We talked about it quite a bit before recording and said “What do we want this record to be like” and one of the big words we kept using was that we wanted it to have a lot of ambient noise and background noise and I think we did that, there is a lot of stuff going on that you don’t really notice until you pay attention, just sounds in the background and stuff. I think that really came across well and that is hard because you can’t really write noise but I think it came across well and it had that vibe or mood to it.

Interesting considering that kind of writing or creation would usually happen in a “jam room” environment yet you guys have managed to achieve it in separate creative spaces.

We got to give a lot of credit to Ace, the songwriter/producer, he did a lot of that stuff late at night after we all left the studio, it’s his studio so he would just keep plugging away and the next day we would come in and hear all of the other stuff he did on the fly and he would be like “What do you think?” and we would all say “That’s it, you’ve nailed exactly what we wanted.” So we gotta give him a little nod there.

I noticed that Ace was quite unconventional and creative with the way he released a lot of his solo stuff during your hiatus, to try to offset the state of the music industry/internet etc. were you guys conscious of that stuff when releasing your new record?

That was definitely a factor and something we thought about a lot. We thought about the best ways to release the record, do we do it independently and just do digital and vinyl, but at the end of the day Rise are just the coolest bunch of guys and the sweetest label so we decided to go through them but we are still thinking of ways to market the record. It’s a challenge these days for every band, once it is out how do you keep it relevant? There is a bunch of little things you have to do but they all seem less relevant. In the old days you would just release a music video, then go to radio, push that record, now it is like, how do you keep giving them stuff week after week. It’s a challenge you know.

Do you find it frustrating that it is like that these days?

[Laughs] Yeah, a little bit but it has sort of levelled the playing field, there is so much to do that now it is weeding out the things that are and aren’t worth doing. There is so much we want to do but haven’t had the chance to due to time constraints but we have some things up our sleeves for the next few weeks.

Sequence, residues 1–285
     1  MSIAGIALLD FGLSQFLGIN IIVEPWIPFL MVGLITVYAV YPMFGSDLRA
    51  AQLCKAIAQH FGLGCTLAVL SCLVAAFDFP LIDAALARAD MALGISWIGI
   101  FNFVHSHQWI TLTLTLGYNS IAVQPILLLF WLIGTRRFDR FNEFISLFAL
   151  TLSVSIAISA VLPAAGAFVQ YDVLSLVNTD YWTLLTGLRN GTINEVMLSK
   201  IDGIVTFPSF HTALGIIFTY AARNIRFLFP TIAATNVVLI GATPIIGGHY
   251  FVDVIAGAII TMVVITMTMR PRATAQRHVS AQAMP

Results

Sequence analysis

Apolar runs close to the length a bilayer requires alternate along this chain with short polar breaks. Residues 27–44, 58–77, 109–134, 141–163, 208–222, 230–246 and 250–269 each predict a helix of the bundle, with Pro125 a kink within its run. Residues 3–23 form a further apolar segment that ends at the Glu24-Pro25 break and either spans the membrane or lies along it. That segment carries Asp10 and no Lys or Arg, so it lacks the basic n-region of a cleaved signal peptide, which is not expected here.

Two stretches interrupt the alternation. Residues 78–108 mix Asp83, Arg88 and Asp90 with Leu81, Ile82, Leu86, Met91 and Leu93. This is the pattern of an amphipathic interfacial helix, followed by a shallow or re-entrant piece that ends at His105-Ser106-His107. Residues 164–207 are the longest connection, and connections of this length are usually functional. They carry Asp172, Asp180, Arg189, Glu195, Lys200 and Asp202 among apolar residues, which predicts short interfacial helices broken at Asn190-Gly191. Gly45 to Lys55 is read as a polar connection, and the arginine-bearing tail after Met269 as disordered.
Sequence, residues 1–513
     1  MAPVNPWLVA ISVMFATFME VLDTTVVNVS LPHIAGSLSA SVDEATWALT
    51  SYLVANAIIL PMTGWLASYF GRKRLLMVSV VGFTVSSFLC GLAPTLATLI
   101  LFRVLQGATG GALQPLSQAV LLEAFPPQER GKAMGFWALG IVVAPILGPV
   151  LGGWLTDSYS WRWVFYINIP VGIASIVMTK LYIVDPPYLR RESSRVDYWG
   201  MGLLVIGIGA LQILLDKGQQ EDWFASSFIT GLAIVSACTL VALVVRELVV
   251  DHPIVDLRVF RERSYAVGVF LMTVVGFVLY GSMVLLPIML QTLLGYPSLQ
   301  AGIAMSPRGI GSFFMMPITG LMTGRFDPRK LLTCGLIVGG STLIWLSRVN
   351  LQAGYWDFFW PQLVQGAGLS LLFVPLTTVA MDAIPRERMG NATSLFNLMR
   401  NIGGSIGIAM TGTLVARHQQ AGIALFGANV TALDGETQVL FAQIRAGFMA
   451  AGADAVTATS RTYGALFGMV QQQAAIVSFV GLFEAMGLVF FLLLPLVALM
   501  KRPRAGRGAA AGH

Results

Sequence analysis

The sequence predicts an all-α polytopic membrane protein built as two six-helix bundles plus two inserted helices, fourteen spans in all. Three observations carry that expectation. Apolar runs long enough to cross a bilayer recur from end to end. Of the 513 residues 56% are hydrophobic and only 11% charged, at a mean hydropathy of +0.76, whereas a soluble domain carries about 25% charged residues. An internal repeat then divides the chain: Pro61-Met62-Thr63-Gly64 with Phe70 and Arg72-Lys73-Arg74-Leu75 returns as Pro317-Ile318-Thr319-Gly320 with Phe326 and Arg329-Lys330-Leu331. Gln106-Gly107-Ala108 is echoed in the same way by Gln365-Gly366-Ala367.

Can you give us a bit of a preview?

I had two of the songs remixed by two different artists, the song In Currents, the title track was remixed and we want people to hear those which we have been sitting on for a couple of weeks now and trying to figure out the best ways to release those.

What sort of remixes? They aren’t straight up dance remixes are they?

Ummm, one is, more or less a four on the floor heavy beat dance song. The other one is…have you seen the movie ‘Drive’? It’s that kind of soundtrack, a very mid-80’s Tears for Fears kind of vibe, not dancey but still cool.

That’s the cool kind of remix.

Yeah kind of like if Hot Chip were to remix our song it’s what it would sound like. It’s not Hot Chip remixing it though.

What are the plans for next year once you finish up the Soundwave tour?

We have more international stuff planned, then we have some Summer touring in the US. In addition to that we want to do some anniversary shows for ‘The Room’s Too Cold’ as it will be ten years since we released that, which shows how old we are. I would love to go to Japan again and then maybe make a new record? I don’t know?

You joke and say that you guys are old because of a record that is about to hit its ten year anniversary, but there must also be a sense of achievement in there as well?

Absolutely, it’s pretty bittersweet in a sense that I’m proud that we made that record when I was nineteen with my friends and I think it holds up. A record that people my age then kinda look up to and that is the most flattering thing, but at the end of the day it does make me feel old.

Gotta grow old eventually, thanks for the chat, we’ll see you at Soundwave.

Exactly, thankyou man!